Lord McKenzie of Luton: My Lords, I beg to move that this Bill do now pass. Although I would like to say a few words to reflect on the progress made, perhaps I can simply thank all noble Lords who engaged with the Bill and, in particular, the Bill team for their excellent work.
I begin by setting out what it means for an account to be dormant and exactly what the definition must achieve. It is vital that the definition is completely clear so that no institution can be in any doubt when it transfers an account to the scheme about whether the account qualifies as dormant. The definition must be able to be applied simply and effectively by over 200 institutions, each with a wide range of accounts with differing features, customer bases and usage profiles.
At the same time, we are committed to doing the utmost to ensure that only truly dormant accounts are transferred into the scheme. However, the available information which could be used to identify whether an account is active varies enormously between institutions, and even between different accounts in the same institution. We are confident that with the refinements in the definition produced by the Bills passage through both Houses, we now have a definition that is both clear enough to provide a simple and effective test and flexible enough to allow the institutions to take into account the information available to them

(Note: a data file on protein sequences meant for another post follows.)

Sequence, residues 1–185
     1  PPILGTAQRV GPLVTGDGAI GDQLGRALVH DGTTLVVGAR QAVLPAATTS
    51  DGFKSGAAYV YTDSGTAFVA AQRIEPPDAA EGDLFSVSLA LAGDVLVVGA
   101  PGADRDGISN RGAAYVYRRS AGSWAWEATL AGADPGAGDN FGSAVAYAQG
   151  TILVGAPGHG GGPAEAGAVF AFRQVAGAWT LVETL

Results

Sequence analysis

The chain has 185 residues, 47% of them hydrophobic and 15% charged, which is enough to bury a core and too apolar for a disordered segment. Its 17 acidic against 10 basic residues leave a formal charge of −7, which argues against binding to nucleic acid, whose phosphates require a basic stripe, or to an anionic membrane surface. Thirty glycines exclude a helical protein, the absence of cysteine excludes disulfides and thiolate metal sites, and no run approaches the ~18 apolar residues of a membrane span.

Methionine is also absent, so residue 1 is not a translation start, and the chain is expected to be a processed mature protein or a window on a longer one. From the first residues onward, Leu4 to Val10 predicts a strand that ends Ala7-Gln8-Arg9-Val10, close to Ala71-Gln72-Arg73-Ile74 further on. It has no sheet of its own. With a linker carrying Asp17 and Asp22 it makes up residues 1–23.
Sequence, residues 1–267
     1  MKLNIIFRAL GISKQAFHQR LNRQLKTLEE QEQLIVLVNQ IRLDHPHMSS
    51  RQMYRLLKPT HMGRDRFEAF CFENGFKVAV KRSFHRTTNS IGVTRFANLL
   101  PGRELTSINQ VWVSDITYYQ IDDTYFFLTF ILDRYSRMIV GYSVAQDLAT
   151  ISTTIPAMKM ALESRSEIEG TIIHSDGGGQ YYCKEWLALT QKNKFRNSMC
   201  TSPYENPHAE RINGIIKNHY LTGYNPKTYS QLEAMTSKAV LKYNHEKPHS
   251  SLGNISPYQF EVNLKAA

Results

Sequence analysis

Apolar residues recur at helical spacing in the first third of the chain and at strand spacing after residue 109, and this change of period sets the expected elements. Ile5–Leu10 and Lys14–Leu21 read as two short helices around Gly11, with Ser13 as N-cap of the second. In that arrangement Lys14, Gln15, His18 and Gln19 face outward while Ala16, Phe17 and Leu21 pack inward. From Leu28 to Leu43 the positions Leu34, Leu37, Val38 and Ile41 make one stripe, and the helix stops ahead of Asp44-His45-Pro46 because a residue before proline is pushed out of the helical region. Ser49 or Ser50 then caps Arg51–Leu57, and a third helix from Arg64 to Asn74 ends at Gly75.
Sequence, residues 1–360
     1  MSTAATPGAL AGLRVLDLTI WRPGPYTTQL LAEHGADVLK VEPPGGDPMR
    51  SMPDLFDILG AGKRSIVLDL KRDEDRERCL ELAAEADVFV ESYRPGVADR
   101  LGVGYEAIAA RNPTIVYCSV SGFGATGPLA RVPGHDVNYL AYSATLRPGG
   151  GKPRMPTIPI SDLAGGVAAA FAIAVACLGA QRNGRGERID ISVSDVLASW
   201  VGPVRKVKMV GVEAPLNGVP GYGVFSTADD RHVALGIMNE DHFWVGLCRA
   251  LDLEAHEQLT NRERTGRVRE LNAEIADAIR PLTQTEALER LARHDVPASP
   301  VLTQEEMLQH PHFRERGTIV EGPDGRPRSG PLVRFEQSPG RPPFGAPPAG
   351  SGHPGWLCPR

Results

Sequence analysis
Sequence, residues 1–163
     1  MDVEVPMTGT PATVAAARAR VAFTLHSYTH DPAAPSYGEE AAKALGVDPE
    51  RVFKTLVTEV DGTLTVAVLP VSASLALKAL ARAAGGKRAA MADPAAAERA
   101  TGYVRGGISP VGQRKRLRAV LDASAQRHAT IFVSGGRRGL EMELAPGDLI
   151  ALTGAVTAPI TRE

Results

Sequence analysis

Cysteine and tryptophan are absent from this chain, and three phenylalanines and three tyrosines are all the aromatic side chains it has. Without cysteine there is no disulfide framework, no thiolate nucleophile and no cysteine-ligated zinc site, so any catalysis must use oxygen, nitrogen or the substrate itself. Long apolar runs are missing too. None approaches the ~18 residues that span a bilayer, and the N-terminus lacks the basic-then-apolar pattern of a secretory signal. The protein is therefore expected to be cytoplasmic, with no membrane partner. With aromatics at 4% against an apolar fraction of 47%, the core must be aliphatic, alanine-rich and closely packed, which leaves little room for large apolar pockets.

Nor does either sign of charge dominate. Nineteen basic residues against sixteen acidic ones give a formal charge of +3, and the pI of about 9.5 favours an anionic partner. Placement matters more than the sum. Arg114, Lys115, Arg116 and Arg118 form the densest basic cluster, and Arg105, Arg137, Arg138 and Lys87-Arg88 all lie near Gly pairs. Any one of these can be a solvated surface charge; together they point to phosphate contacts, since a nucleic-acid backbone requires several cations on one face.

The key condition of no customer-initiated transactions in relation to the account for 15 years is both simple and universally applicable. Yet there is flexibility for an institution to refer to any consumer activity of which it has knowledge in deciding whether an account is genuinely dormant. That could include, for example, correspondence, telephone calls, emails or voting at AGMs. Under the Banking Code, each institution is required to publish clearly, for all their customers to see, the criteria it will use to decide the issue of account dormancy. With that in mind, I turn specifically to the amendments before us.
The Governments intention is that all bank and building society accounts based on the definition of dormancy in the Bill are eligible for transfer into the scheme. Naturally, this includes accounts that could have been opened a very long time ago. When we first debated the Bill in this House, we were asked to clarify the position for accounts owned by deceased persons. It is of course unlikely that banks and building societies will know whether account holders are living or deceased. Unless they have very good reason not to, we would expect them to transfer into the scheme all accounts that fit within the 15-year qualification period. However, we understand that institutions wish to have certainty
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Amendment No. 8 also is a technical amendment. It ensures that notice accounts, where a short notice period is required before a withdrawal can be made, are not excluded from the scheme under the provision that was made for fixed-term accounts. Amendment No. 9 covers our intention to ensure that genuinely dormant bank and building society accounts lost by the account holder will be transferred into the scheme, and not those accounts which are simply rarely used but of which the account holder is still aware. This will minimise unnecessary costs associated with returning accounts to customers after transfer. We want, of course, to keep the necessity for any return transfer to an absolute minimum.